Dell closing in on deal to sell Boomi cloud business

Dell logo
(Image credit: / Oleg Golovnev)

Dell Technologies has agreed to sell its Boomi arm for around $4 billion to private equity firms Francisco Partners and TPG.

According to the Wall Street Journal, which broke the story, details about the deal are scarce, except the fact that it is expected to close by the end of 2021.

Boomi, which was acquired by Dell in November 2010 for an undisclosed sum, is a cloud technology business that helps other organizations integrate various cloud platforms. According recent reports, the company has more than 11,000 customers and more than 1,300 employees.

In a statement, Dell vice chairman and chief operating officer Jeff Clarke, said: “This proposed transaction positions Boomi for its next phase of growth and is the right move for both companies, our shared customers and partners. For us, we’re focused on fueling growth by continuing to modernize our core infrastructure and PC businesses and expanding in high-priority areas.”


Dell has offloaded a number of its businesses in the last few years as it looks to focus on core operations.  Last year, the company sold its legacy security firm, RSA, to a consortium of investors (Symphony Technology Group, Ontario Teachers’ Pension Plan Board, AlpInvest Partners) for just over $2 billion.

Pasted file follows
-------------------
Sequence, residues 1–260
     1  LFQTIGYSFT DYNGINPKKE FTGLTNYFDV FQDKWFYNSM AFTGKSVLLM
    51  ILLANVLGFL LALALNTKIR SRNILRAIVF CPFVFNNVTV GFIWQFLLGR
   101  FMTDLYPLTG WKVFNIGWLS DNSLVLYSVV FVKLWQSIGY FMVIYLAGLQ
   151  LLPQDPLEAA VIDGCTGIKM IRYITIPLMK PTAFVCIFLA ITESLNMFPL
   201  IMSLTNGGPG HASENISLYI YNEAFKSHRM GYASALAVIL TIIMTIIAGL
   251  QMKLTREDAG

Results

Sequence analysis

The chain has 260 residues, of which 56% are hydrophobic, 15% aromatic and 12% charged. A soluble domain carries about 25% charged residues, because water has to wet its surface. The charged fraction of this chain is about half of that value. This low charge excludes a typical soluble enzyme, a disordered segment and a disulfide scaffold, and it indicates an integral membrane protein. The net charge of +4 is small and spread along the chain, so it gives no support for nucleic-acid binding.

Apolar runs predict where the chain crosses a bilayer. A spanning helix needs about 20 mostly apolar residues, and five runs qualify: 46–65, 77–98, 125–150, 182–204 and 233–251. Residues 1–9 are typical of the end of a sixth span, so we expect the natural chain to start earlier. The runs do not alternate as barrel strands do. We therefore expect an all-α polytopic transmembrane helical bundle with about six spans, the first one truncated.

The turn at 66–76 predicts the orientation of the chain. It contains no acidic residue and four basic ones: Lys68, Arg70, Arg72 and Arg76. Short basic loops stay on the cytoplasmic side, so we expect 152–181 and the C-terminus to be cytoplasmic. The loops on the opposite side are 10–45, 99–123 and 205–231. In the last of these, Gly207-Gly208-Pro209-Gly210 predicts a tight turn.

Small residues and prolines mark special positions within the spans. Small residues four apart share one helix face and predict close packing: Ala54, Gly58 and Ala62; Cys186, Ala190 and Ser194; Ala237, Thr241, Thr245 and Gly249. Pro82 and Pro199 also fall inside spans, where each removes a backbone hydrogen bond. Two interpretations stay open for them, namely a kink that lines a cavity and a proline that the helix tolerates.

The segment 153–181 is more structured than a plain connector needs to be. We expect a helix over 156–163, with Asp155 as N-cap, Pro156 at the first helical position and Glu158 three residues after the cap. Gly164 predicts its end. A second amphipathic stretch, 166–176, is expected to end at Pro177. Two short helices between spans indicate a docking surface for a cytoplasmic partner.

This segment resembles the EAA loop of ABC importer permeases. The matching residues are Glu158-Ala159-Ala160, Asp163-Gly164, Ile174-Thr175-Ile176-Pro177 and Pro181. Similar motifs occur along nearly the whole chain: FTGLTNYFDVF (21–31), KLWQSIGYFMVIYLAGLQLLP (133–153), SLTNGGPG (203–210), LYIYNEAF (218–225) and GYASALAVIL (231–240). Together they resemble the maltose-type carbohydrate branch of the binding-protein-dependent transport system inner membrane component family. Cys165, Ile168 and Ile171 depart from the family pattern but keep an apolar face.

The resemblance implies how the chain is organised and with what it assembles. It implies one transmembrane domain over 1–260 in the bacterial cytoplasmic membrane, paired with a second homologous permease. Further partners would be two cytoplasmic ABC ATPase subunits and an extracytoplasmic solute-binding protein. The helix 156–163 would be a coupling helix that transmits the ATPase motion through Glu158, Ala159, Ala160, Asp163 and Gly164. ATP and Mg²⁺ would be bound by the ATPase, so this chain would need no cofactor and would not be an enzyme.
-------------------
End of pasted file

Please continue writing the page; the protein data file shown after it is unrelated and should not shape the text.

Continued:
Earlier this year, it announced plans to spin off its stake in VMware, in order to “simplify the corporate ownership structure”. An $11.5bn to $12bn special cash dividend was recommended by the independent Special Committee and declared by the VMware Board to all VMware stockholders immediately before the spin-off.

Dell is currently in the process of transitioning from a hardware seller into a software and subscription seller. At the moment, about half of its revenue comes from the sales of PCs to both consumers and businesses.

Via: Wall Street Journal

Sead is a seasoned freelance journalist based in Sarajevo, Bosnia and Herzegovina. He writes about IT (cloud, IoT, 5G, VPN) and cybersecurity (ransomware, data breaches, laws and regulations). In his career, spanning more than a decade, he’s written for numerous media outlets, including Al Jazeera Balkans. He’s also held several modules on content writing for Represent Communications.